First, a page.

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Zeligs, M.A. (1966). Psychiatric Justice: By Thomas S. Szasz, M.D. New York: The Macmillan Company, 1965. 283 pp.. Psychoanal Q., 35:617-620.

(1966). Psychoanalytic Quarterly, 35:617-620

Psychiatric Justice: By Thomas S. Szasz, M.D. New York: The Macmillan Company, 1965. 283 pp.

Review by:
Meyer A. Zeligs

This volume is Dr. Szasz's most recent contribution to this continuing polemic against the Establishment of organized psychiatry in the United States. Each chapter is a crescendo of personal disdain and wanton antipathies against the powers that be. The book might better have been called Psychiatric Injustice, for it highlights certain inequities that occasionally take place in our system of pretrial examination of criminal defendants. It concerns the important ethical problem of the psychiatrist cast in the role of adversary; but what Dr. Szasz has to offer is marred by the prevailing tone of personal outrage and undue excitement which detracts from the book's dignity as well as its objectivity. It is evident that the subject matter concerns the author deeply and has stirred considerable anxiety in him.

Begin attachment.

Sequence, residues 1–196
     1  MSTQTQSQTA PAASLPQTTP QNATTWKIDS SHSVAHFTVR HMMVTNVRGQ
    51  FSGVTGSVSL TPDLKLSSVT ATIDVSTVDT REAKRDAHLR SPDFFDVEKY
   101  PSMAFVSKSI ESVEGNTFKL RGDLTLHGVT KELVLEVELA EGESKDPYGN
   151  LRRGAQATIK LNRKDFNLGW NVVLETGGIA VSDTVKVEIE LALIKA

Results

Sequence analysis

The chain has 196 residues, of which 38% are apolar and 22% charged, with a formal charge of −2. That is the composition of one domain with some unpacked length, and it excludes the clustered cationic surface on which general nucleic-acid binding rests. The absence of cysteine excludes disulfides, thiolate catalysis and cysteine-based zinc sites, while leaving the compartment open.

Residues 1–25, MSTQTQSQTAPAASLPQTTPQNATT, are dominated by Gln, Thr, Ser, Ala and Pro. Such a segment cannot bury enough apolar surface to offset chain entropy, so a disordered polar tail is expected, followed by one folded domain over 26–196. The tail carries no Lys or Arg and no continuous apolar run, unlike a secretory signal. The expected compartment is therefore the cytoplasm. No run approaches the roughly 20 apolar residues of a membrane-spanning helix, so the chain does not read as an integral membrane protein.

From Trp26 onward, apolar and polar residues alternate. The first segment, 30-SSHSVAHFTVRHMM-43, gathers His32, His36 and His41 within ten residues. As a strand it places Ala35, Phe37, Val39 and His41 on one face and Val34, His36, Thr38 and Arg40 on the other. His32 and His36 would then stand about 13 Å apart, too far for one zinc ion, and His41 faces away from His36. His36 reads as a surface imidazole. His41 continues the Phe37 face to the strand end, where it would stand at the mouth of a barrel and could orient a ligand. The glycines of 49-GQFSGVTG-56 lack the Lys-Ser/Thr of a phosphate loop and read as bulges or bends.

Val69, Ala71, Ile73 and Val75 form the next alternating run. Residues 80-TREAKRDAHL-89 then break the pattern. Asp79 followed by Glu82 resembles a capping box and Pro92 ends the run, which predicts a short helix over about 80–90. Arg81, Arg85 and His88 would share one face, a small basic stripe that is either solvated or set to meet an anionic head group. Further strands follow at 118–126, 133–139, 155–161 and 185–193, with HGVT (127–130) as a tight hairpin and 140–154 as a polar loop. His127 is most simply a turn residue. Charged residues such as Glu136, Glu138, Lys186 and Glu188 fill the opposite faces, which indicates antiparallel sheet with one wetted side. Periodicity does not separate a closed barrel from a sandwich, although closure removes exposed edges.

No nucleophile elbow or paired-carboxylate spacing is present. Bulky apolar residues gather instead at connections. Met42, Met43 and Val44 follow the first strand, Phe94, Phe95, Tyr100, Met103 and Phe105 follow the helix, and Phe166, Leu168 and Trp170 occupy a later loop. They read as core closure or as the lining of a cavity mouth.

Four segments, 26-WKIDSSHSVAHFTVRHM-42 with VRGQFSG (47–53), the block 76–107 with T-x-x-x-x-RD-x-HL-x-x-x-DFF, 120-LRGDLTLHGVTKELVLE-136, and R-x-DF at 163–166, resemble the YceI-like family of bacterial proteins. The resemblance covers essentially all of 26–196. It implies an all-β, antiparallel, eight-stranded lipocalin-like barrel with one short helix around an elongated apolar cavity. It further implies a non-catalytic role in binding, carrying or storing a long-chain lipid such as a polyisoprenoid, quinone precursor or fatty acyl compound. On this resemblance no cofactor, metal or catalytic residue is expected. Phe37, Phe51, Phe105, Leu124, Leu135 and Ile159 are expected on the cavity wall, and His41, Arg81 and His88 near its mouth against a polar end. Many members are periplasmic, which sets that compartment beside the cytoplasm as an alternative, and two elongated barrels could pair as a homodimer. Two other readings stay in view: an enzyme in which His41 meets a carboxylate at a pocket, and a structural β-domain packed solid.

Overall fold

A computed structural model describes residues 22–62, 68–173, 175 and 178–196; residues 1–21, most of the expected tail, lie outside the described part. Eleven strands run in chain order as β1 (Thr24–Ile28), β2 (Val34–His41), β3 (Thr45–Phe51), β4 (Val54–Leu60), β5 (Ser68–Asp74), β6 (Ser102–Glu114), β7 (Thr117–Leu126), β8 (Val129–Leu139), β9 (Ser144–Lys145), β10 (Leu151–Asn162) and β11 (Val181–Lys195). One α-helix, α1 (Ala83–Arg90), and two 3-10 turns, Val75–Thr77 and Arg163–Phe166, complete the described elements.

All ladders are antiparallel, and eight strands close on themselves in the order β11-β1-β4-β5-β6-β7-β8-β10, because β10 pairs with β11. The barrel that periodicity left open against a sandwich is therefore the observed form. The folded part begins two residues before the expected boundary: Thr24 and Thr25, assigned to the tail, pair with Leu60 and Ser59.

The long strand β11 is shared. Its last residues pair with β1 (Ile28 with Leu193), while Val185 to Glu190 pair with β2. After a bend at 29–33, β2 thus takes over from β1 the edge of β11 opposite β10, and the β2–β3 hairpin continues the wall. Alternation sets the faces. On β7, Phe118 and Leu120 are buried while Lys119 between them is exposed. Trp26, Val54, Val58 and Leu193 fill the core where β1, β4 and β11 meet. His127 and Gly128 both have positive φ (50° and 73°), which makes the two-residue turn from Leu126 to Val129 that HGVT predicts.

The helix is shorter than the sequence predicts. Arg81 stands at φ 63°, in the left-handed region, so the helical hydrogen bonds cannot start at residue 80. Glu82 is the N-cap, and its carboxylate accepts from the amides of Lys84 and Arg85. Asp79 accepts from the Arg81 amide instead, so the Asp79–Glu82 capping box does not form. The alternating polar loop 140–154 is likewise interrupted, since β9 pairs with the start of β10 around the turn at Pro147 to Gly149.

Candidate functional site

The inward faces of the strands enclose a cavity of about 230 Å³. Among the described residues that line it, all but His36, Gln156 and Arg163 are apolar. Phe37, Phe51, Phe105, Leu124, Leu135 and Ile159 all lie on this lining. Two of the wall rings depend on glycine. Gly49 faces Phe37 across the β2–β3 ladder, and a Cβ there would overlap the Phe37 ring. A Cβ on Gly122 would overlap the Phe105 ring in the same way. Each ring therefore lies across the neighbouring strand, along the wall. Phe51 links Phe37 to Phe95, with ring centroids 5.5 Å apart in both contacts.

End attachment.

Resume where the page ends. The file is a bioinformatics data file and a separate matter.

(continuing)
This is Dr. Szasz's fourth book (besides numerous articles) on social and professional injustices. It is a logical extension and application of his single-handed endeavor to erase the discoveries and scientific refinements of modern psychiatry, to label the whole body of mental disorders a 'myth', and to remove the diagnosis and treatment of mental illness from medicine. We are henceforth to think, in fact, of mental illness as a form of disturbed social action. In his three previous books, Dr. Szasz champions the cause of individual rights of all patients, avowing his wish to emancipate all those unfortunate victims under psychiatric treatment from the grip of their psychotherapists and psychoanalysts.

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